Whether health care reform legislation should include a public option–an option opposed by the insurance industry–remains a critical stumbling block as the debate on the legislation moves to the Senate floor in the near future.
The focus has shifted to the Senate after the House narrowly passed its version of the legislation, one including a public option, near midnight on Nov. 7 after months of debate.
The Senate bill was scheduled to be unveiled late last week by Sen. Harry Reid, D-Nev., Senate majority leader.
Reid has spent several weeks behind closed doors melding two different bills into one piece of legislation that he has said will include a public option.
Beth Mantz Steindecker, a healthcare analyst at Washington Analysis, predicts that the Senate will need a minimum of two weeks for debate. With the Thanksgiving recess (November 23-27), that means the earliest passage in the Senate would occur is the week of December 7. That would give conferees a mere two weeks to pass the bill before the winter recess.
“Given that we don’t know when Reid will drop his bill, and Republicans are promising to slow down the floor debate with amendments, a more likely scenario is that the Senate passes a bill by the end of the year, and the final bill is enacted next year before the State of the Union, which usually occurs in late January,” she said.
The House version includes the creation of a government-run insurance plan aimed at promoting competition with private insurers. Under the House bill, reimbursement rates for doctors and hospitals will be negotiated.
However, congressional staffers and healthcare analysts don’t believe Reid has the 60 votes needed to initiate debate on a bill containing a public option, even one that would allow an opt-out on a state-by-state basis.
Many believe that after a show vote rejecting a bill containing a public option, Reid will unveil a Plan B without a public option–or one with a public option as a backup–that will launch what is expected to be two weeks of debate on the bill.
According to officials at the National Association of Health Underwriters, if there is one issue that is a show stopper for the insurance industry, it is the public option.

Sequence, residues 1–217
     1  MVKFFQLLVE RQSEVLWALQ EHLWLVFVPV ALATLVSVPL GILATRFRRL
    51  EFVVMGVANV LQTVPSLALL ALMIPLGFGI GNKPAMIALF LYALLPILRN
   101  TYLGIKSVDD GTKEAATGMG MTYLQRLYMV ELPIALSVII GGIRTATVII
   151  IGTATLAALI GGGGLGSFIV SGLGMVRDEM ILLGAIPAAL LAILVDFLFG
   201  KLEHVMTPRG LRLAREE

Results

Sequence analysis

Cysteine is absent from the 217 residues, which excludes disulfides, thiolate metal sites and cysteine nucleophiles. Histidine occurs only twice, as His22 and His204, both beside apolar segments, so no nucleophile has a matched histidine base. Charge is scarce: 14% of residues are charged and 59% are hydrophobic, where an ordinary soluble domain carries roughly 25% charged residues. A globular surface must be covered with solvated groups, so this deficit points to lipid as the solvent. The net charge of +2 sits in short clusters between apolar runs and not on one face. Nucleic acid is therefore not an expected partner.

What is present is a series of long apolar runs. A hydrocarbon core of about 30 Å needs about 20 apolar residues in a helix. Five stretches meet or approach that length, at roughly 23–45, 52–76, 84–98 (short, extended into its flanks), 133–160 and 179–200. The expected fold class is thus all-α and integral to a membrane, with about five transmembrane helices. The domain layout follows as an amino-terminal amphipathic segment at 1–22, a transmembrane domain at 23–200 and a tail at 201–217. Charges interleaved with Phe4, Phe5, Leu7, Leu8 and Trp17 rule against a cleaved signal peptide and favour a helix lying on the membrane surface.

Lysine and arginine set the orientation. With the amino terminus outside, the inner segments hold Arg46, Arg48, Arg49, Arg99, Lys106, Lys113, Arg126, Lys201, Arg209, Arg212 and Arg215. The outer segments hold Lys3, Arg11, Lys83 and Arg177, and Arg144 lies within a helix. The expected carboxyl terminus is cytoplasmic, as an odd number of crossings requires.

“It is the political impasse through which Sen. Reid is seeking to thread the needle,” said John Greene, NAHU vice president of congressional affairs.
“For NAHU, no version of public option; opt-out, opt-in, trigger will be workable in practice,” he said. “Simply changing the shade of lipstick on the pig doesn’t change the fact it is still a pig.”
A second critical issue is affordability of premiums. “Agents want an affordable marketplace but the proposed taxes and the rating bands would have a deeply negative effect on the premiums,” Greene said.
He also said that “bending the cost curve is important for the long run and agents are sensitive to it.”
NAHU strongly supports employer wellness programs and disease management tools among other things, to change employee behavior and control costs, Greene said.
Besides the public option, there are four other so-called “flash points” the Senate must deal with as the tortuous path to reform continues.
One is cost. One reason Sen. Reid kept delaying the unveiling of his bill is weighing its provisions against cost as determined by the Congressional Budget Office. The House bill would cost about $1.2 trillion over 10 years; Reid is adjusting provisions for the Senate bill to keep it under $900 billion.
Paying for the bill through various taxes is another flash point. The House bill would assess a 5.4% income surcharge on individuals with an adjusted gross income of more than $500,000 a year and on couples with more than $1 million.
The Senate bill, as proposed by the Senate Finance Committee, would charge an excise tax on so-called “Cadillac plans” and also charge new annual fees to various industry sectors: $6.7 billion from insurance companies, $4 billion from manufacturers of medical devices, and $2.3 billion from drug makers.
A third flash point is the proposed individual mandate, the so-called “coverage” issue.